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Marcel Adams, undated portrait.

Courtesy of Iberville Developments Ltd.

Montreal property developer Marcel Adams who survived the Holocaust and fought in Israel’s war of independence has died at the age of 100.

Mr. Adams founded privately held Iberville Developments Ltd. in the 1950s, which became one of Canada’s largest shopping mall owners. He died on Tuesday according to a statement from his son Sylvan Adams. Mr. Adams passed away “peacefully at home, just nine days after we celebrated his 100th birthday,” Sylvan said. “He was a great man, a Holocaust survivor, who never complained, never looked back, only forward, as he worked hard to build a better life for himself and his family.”

Mr. Adams was born Meir Abramovici in Romania on Aug. 2, 1920, to Jancu and Sheina Abramovici. His father was a tanner. “Some families talked Shakespeare at dinner. We talked business,” Mr. Adams told family members according to a recent article in the Jerusalem Post by his son-in-law Gil Troy, a history professor at McGill University. “As the historian son-in-law, my ‘job’ was ‘feeding’ him serious works of history, biography, current events. Whenever I threw in a novel, he scoffed: ‘Meiselach’, [trivialities],” Mr. Troy wrote.

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From 1941 to 1944, Mr. Adams was interned in forced labour camps by the Nazis. He managed to escape to Turkey and then Palestine, where he reunited with his sister. He joined the Israeli military in 1948 but grew tired of the war and found his way to Canada in 1951. He landed in Quebec City and worked as a tanner before dabbling in real estate. His boss told him to shorten his name to Adams so the company secretary wouldn’t waste time on long-distance calls spelling Abramovici.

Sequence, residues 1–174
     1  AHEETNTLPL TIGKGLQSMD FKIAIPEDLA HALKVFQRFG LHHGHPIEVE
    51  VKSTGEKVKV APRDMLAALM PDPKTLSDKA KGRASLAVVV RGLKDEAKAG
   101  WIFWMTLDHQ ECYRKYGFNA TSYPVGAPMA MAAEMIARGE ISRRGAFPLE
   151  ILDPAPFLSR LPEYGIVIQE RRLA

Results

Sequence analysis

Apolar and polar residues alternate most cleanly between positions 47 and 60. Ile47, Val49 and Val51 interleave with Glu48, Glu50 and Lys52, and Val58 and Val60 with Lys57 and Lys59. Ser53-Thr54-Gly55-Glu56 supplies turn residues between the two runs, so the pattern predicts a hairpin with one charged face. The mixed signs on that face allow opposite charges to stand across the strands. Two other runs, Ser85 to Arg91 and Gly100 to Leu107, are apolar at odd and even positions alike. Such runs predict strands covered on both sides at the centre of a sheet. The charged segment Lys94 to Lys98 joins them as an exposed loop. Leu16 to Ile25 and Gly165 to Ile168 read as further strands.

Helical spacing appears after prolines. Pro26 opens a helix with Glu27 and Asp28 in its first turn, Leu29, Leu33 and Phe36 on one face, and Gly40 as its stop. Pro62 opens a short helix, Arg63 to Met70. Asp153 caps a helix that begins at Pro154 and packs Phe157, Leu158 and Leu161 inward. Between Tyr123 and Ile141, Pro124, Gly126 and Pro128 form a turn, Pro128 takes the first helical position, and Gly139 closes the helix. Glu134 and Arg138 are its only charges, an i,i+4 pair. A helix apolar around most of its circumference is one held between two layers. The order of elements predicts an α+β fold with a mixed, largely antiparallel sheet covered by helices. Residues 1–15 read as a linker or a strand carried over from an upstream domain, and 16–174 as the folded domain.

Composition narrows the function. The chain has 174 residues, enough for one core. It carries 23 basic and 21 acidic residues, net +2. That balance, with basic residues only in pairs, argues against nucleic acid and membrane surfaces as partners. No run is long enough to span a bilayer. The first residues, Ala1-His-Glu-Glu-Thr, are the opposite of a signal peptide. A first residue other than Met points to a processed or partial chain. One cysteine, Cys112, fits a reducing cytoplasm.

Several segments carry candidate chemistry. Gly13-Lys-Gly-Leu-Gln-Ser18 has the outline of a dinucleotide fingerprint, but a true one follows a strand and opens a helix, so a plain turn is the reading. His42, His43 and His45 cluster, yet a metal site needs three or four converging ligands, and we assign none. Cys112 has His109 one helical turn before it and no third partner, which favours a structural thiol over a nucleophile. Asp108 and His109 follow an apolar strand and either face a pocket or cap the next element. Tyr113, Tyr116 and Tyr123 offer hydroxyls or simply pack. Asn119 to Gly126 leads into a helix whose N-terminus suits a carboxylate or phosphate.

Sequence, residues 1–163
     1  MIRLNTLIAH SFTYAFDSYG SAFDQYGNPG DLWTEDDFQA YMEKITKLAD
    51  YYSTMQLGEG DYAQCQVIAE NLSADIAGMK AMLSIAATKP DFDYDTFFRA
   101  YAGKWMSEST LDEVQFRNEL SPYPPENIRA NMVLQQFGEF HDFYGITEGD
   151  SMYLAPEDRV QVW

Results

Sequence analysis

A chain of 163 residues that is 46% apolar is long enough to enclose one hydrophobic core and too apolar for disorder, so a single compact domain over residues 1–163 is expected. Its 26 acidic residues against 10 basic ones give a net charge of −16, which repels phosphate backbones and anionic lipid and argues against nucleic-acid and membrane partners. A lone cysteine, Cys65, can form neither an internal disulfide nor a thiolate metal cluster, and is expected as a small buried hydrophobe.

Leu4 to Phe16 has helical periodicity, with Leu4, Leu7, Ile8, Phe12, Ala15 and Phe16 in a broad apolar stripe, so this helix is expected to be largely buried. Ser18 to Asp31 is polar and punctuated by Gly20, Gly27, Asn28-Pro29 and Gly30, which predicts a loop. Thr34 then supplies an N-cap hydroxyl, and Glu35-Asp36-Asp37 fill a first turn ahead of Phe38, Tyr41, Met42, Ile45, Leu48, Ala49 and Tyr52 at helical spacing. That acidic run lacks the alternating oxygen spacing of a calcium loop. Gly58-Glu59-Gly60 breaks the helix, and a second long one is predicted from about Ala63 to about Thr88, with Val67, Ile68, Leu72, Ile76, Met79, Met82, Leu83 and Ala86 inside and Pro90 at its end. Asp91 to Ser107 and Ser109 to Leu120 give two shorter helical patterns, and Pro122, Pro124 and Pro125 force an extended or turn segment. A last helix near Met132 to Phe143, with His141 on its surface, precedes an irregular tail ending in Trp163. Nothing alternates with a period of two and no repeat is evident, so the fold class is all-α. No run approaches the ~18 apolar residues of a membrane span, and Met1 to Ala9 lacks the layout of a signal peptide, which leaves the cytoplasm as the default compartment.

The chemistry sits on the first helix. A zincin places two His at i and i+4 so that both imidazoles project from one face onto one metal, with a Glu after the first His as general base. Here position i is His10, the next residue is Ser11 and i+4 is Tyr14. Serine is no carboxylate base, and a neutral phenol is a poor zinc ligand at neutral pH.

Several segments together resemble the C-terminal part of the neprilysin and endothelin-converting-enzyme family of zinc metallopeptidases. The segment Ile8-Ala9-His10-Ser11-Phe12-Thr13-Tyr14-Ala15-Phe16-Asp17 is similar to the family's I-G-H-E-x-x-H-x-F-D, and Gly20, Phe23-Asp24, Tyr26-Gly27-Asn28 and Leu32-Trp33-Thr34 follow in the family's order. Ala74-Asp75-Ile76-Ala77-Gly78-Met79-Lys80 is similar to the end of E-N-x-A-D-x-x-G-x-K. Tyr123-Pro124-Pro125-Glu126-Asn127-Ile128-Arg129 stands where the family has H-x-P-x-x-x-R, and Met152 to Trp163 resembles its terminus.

Mr. Adams slowly built up a portfolio of apartment buildings before moving into commercial real estate and shopping malls, which were still a novelty in the 1950s. He quit the tannery after a dispute with the owner over an offer of partnership and launched Iberville in 1958. The company would eventually acquire more than 100 properties covering nearly eight million square feet of commercial real estate in Canada and the United States.

Mr. Adams moved to Montreal in 1966 and expanded into financing with the launch of Les Placements Jeton Bleu Inc., or Blue Chip Investments, which specialized in high-risk commercial lending. When the real estate market took a downturn in the early 1990s, Blue Chip acquired dozens of highly leveraged properties that went into default, including the studio in Miami where the television show Flipper was filmed.

By the late 1990s, Mr. Adams’s worth was estimated at $1.8-billion and Iberville owned some of Canada’s largest malls including Carrefour de l’Estrie in Sherbrooke and Les Galeries de la Capitale in Quebec City. The company has since sold those malls along with several others and has concentrated on other developments in Canada and the U.S.

Over the years, Mr. Adams and his wife, Annie (née Cohen), became involved in several charitable causes. They helped launch Tel Aviv University’s Adams Institute for Business Management Information Systems and endowed the university’s Adams Super Center for Brain Research. The family also established the Adams Fellowships with the Israel Academy of Sciences and Humanities, which provides US$1-million annually to PhD students. Ms. Adams died in 1997 of multiple sclerosis.

Mr. Adams was also predeceased by his long-standing companion, Shirley Zimmerman. He leaves his sister, Alice Even; children, Sylvan, Julian, Linda and Leora; and many grandchildren and great-grandchildren.

“His nickname in his native Romania was ‘Solidu,’ the solid one, and that’s exactly what he was,” wrote Sylvan Adams, who lives in Israel, where he is involved with several ventures including the Israel Start-Up Nation cycling team. “He waited for me to come from Israel to celebrate his special birthday and chose to check out and say goodbye. His last words to me were, ‘I love you.”

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